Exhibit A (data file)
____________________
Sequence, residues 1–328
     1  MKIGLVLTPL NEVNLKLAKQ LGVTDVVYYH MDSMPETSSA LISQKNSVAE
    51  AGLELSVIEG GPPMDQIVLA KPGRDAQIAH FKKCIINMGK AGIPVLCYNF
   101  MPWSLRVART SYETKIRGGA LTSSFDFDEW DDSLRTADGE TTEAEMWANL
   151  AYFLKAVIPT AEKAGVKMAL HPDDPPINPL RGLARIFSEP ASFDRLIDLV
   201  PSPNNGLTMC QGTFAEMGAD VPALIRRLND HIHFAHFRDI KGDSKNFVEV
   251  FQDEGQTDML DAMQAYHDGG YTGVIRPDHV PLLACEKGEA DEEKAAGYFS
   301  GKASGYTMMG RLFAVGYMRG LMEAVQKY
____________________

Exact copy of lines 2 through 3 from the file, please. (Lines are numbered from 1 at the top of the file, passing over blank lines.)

     1  MKIGLVLTPL NEVNLKLAKQ LGVTDVVYYH MDSMPETSSA LISQKNSVAE
    51  AGLELSVIEG GPPMDQIVLA KPGRDAQIAH FKKCIINMGK AGIPVLCYNF